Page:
History of the Air Fluorescence Technique

Air Fluorescence

The term "fluorescence" refers to the process by which atoms absorb photons of one wavelength and emits photons at a longer wavelength. A common application of this effect is in nearly every household around the world: fluorescent lights. Fluorescent lights were first introduced in 1939 at the World's Fair in New York City by Interelectric corporation and offered to the public in 1940. An electric current passes through an elongated bulb, colliding with mercury atoms. The collision process excites the mercury atoms, which then emits ultra-violet (UV) light. This emission is actually referred to as "luminescence" or "scintillation". These UV photons are then absorbed by the phosphor coating of the bulbs, which re-emits in the visible. It is of course the re-emission process which is properly called "fluorescence".

The passage of charged particles in an extensive air shower through the atmosphere results in the ionization and excitation of the gas molecules (mostly nitrogen). Some of this excitation energy is emitted in the form of visible and UV radiation.

Rigorously speaking, this is a "luminescence" process analogous to the emission by mercury in a fluorescent light. Much to the horror of the optical physicists, the name "Air Fluorescence" has been adopted by the astrophysics community to describe the scintillation light from extensive air showers. This misuse of the term is in part due to the apparent similarity to the workings of a fluorescent light. On the positive side, this usage makes it easy to distinguish between a fluorescence detector from a scintillation detector (the latter is the name commonly used for desk-top particle detection devices made from inorganic salts or organic plastics).

The Origin of the Fluorescence Technique

Air fluorescence was studied in the early 1960's by the Los Alamos National Laboratory (LANL), then called the Los Alamos Scientific Laboratory. The technique was investigated as a method for detecting the yield of nuclear explosions in atmospheric tests.

Many charged particles are expelled from a nuclear explosion, and these particles will also produce scintillation light as they pass through air. The amount of light collected can then be use to estimate the total amount of energy released from the device.

The Cornell Experiment

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The first attempts to observe extensive air showers by the fluorescent (more correctly: luminescent) emissions were made by a group led by Kenneth Greisen at Cornell University in the middle 1960's. This group included Dr. Alan Bunner, working then as a graduate student under Greisen. Greisen himself was the first graduate student of Bruno Rossi, one of the foremost cosmic ray physicists of the 20th Century. Rossi and Greisen both worked on the Manhattan Project in Los Alamos during World War II. Greisen was in fact an eyewitness at the Trinity test and filed an official report of his observations.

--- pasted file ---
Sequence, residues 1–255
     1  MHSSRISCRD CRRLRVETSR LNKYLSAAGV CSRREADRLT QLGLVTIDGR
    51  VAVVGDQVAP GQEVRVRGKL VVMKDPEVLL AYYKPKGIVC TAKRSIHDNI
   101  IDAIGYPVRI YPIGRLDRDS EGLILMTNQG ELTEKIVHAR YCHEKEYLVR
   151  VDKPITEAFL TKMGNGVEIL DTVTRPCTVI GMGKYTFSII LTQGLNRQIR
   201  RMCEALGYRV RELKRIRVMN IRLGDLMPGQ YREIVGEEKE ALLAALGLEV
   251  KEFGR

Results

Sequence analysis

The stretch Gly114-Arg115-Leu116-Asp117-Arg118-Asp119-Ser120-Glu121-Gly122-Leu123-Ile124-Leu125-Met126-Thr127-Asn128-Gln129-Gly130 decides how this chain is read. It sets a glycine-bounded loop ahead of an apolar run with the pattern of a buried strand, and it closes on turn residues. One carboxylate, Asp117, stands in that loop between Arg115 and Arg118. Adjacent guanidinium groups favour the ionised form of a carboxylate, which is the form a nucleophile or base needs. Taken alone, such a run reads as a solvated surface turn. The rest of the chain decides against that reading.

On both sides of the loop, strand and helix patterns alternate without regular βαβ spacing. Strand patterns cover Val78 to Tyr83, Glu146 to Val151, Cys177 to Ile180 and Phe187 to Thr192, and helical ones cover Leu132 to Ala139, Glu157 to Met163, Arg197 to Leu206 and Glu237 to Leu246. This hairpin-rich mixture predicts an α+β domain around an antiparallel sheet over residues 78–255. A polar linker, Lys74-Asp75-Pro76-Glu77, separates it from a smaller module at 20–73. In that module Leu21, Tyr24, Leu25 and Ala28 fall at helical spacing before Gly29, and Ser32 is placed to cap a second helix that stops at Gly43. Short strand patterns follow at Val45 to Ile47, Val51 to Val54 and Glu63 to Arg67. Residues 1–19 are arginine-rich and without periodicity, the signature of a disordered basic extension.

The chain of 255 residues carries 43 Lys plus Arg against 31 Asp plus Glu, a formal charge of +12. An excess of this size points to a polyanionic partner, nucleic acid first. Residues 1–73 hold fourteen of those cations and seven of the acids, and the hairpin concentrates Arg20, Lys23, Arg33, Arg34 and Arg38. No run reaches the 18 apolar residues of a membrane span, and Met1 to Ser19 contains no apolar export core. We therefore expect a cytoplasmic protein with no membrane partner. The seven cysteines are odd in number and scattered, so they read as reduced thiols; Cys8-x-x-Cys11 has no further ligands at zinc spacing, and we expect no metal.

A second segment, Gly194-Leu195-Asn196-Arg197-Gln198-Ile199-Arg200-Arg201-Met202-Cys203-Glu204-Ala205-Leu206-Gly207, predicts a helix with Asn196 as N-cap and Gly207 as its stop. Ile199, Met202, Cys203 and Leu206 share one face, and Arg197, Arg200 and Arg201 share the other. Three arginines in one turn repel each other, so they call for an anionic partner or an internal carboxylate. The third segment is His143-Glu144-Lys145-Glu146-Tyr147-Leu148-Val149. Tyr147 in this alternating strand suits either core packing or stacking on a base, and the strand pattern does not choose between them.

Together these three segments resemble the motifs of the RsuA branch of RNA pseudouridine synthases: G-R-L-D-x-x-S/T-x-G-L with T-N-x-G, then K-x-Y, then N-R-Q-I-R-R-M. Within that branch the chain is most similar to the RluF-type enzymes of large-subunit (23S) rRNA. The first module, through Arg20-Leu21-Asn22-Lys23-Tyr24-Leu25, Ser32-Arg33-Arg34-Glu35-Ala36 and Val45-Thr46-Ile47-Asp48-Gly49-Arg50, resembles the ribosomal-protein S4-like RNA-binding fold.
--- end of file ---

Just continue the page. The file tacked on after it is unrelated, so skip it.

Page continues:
The Cornell detector images the nigh-sky using 500 photo-multiplier tubes (PMT). Each PMT corresponds to a pixel covering a solid angle of 0.01 steradian (~6° by 6°). The 500 PMT's are divided into 10 modules. Each module is equipped with a 0.1 m2 Fresnel lens seen in the foreground of the photograph above (Note: the "s" in "Fresnel" is silent, and the stress is on the second syllable).

The drawing on the right, taken from Dr. Bunner's thesis, shows a cut-away section of a detector module. The Fresnel lens is shown on the left, and the PMT's are arranged at the focal surface (roughly spherical). An optical filter is placed before the lens at the entrace aperture to reduce night-sky background and eliminate contamination from filament lamps visible near the horizon.

The Cornell detector is triggered by requiring a coincidence between any two adjoining pixels. The signals are piped to a bank of 3" cathode ray tube displays, and recorded on 70 mm film. This detector operated for several years but was not sensitive enough to detect UHE cosmic rays reliably. In particular, the 0.1 m2 lenses are too small to collect sufficient light, and the atmosphere in Up-state New York is too contaminated with water vapor and aerosols.

University of Utah: 1976

In 1976, Physicists from University of Utah were the first to detect fluorescence light from cosmic ray air showers. Three prototype modules were used in a test at Volcano Ranch near Albuquerque, New Mexico.

Each prototype module contained a 1.8m diameter mirror for light collection, with 14 PMT's at the focal plane. Each PMT covers a solid angle about 0.008 steradians (~5° by 5°) in the sky. The large mirrors provided a 20-fold increase in the light collection area over that of the lenses used in the Cornell detector. The clear desert air also provided much improved visibility over the Cornell experiment.

Volcano Ranch was chosen for the test because the site also hosted a large ground array which had been operated since 1958 by a group from MIT under the leadership of John Linsley and Livio Scarsi. On Thanksgiving Night in 1976, the prototype fluorescence detectors were able to observe air showers in coincidence with the ground array.

It should be noted that the Volcano Ranch Ground Array itself was one of the great pioneering efforts in UHE cosmic ray physics. It was known as the "Desert Queen" within MIT. In 1961, the Volcano Ranch Array reported the detection of a cosmic ray air shower with a measured energy of 1020 eV. The significance of such a cosmic ray shower was not realized until after the discovery of the Cosmic Microwave Background Radiation (CMBR) in 1965 by Penzias and Wilson.

Selected References

  1. Bunner, A. N., Cosmic Ray Detection by Atmospheric Fluorescence, Ph. D. Thesis, Cornell University (1967).